How would you feel when you enter your office, and nobody gives any heed to your presence? Or doesn't even bother to wish you good morning. That can be disheartening sometimes, right?
It's a human instinct that we like to work in an environment where people are more empathetic and mindful of others' feelings. And it builds from empathy. Empathy is about understanding others' feelings and responding without hurting their sentiments.
Empathy in the workplace is crucial because it helps us understand how others feel, so that we can react to the situation appropriately.
For an organization to maintain a healthy work culture, it is crucial to building empathy in the workplace. Adopting a compassionate tone in the workplace is not simple. It needs a conscious organizational effort. Participation and mindful leadership in initiating empathy are vital.
The development of the organizational culture begins by enhancing people's relationships. Because organizations are concerned with people, they should both create value and be valued at work. Employees want to feel that they are involved, and they rely on empathy for each other.
Though empathy seems challenging to exhibit, here are a few stats from Businesssolver that reveal its impact on business health.
77 percent of employees say they'd work longer hours for an empathetic employer.
60 percent say they would take a lower salary from a compassionate employer.
80 percent of millennials say they would change jobs if their current employer became less empathetic, compared to 66 percent of Baby Boomers.
Here are the steps to building empathy in the workplace
1. Put yourself in other's shoes
Keep an open mind. Don't judge so fast. The smartest of all suffer too. When you encounter a co-worker or a new hire struggling in a situation, try to keep yourself in their position. You know, you have been in such cases too; we all have. Also, often you have no idea how different the roles and responsibilities of your co-worker might have.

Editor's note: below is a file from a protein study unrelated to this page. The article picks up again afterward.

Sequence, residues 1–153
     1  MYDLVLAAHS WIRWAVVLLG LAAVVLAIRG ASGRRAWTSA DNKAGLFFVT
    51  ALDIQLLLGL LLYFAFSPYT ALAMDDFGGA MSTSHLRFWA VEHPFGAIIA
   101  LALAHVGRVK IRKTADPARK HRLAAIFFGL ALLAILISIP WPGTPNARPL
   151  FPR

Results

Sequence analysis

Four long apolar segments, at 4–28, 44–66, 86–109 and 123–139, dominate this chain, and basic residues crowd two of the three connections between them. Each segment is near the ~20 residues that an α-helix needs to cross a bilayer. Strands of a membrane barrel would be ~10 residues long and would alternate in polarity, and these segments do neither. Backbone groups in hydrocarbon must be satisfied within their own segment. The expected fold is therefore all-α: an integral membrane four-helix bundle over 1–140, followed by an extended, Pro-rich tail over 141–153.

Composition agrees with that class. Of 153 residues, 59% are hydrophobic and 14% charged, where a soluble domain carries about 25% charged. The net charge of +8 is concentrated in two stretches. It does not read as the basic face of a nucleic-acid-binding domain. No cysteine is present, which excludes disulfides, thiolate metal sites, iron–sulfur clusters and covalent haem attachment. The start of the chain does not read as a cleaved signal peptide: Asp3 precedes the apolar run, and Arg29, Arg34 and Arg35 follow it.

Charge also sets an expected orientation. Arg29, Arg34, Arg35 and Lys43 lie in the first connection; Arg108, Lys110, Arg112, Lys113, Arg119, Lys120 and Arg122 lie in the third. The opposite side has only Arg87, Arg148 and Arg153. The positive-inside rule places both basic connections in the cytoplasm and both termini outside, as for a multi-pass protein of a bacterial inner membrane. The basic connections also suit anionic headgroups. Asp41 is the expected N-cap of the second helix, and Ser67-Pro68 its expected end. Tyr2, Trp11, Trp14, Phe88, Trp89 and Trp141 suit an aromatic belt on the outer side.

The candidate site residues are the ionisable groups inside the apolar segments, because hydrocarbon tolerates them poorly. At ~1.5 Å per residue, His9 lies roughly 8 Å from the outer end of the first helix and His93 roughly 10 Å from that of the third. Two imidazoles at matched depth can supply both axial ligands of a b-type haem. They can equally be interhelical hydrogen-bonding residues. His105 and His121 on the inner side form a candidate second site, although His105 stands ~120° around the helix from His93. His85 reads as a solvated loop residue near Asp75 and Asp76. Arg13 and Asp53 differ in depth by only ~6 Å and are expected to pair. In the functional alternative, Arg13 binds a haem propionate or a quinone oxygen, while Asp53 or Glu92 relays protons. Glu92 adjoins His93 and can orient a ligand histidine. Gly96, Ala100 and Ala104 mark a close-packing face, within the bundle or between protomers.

The average week for someone in the designing and accounting department will look quite like day and night. Your colleagues may have the same feeling too. Burnout affects 40% of the workers, regardless of the department. If a co-worker, during communication with you, sounds angry, remember the last time you had a rough day.
This perspective would help you take hold of the situation and respond better.
2. Ask the right questions
Always ask the right questions. Empathy at work doesn't always come from being a good listener and asking the right questions to get to the root of your colleagues' problems.
You are saying, "Yeah, I hear you, as you ask your colleagues' thoughtful questions. Workers deserve hearing and understanding of their concerns. When you see an employee in any trouble, it is better to be empathetic and lend your helping hand or just be polite without judgment. They often need a sense of security from the environment around them to tackle their problems better.
When we ask the right questions, we allow ourselves to be empathetic in the situations genuinely and care about the problems rather than being vague and unclear.
3. Are you Listening actively?
How well do you listen when your colleagues come to you with questions and concerns? It takes effort and simplicity to listen actively to your co-workers. Active listening is one of the best ways to show empathy in the working environment. It helps the other person to be heard.
Listen carefully to them. Do not listen just for the sake of it. Only in this way can you understand what the other person is trying to convey.
Please pay attention to their voice and body language. Try to feel what the other person speaks to you. To them, what's essential? This can be particularly helpful for you if you talk about a contentious topic. You do not have to agree with what the others say, but seeing their points is essential.
4. Identify your own unconscious biases
We all have certain preconditions and biases, which in some circumstances can influence how we communicate and how we react. For instance, it can significantly impair your ability to form healthy relationships if you are always depressed and frustrated or find yourself far away.
Therefore, being mindful of our own biases and not seeing others with our colored lenses might be our first step in being empathetic. Our preferences often don't allow us to shift our perspectives for everyone. For example, in similar situations, you might react differently with different people. Your own biases might redirect you to be empathetic to one person and indifferent to the other.
Therefore, identifying our own biases and not letting them interfere in our actions is crucial.
5. Lastly, do the simple exercise: be nice!
We always come across this phrase, be nice! Yes, this is also as simple as it sounds. Treat others as you want to be treated. Do not forget that in relationships, good ways and kindness always win. You will soon notice that if you treat others well, they will treat you the same way. You can build a healthy relationship with your colleagues in this way. Like I have mentioned in the beginning, be the one to wish good mornings to your co-workers, be supportive and have fun.
Over to you
As part of the strategic approach, professionals in the work environment should be mindful of developing their empathy. It is non-negotiable for a high-performance and successful organization with motivated and happy employees.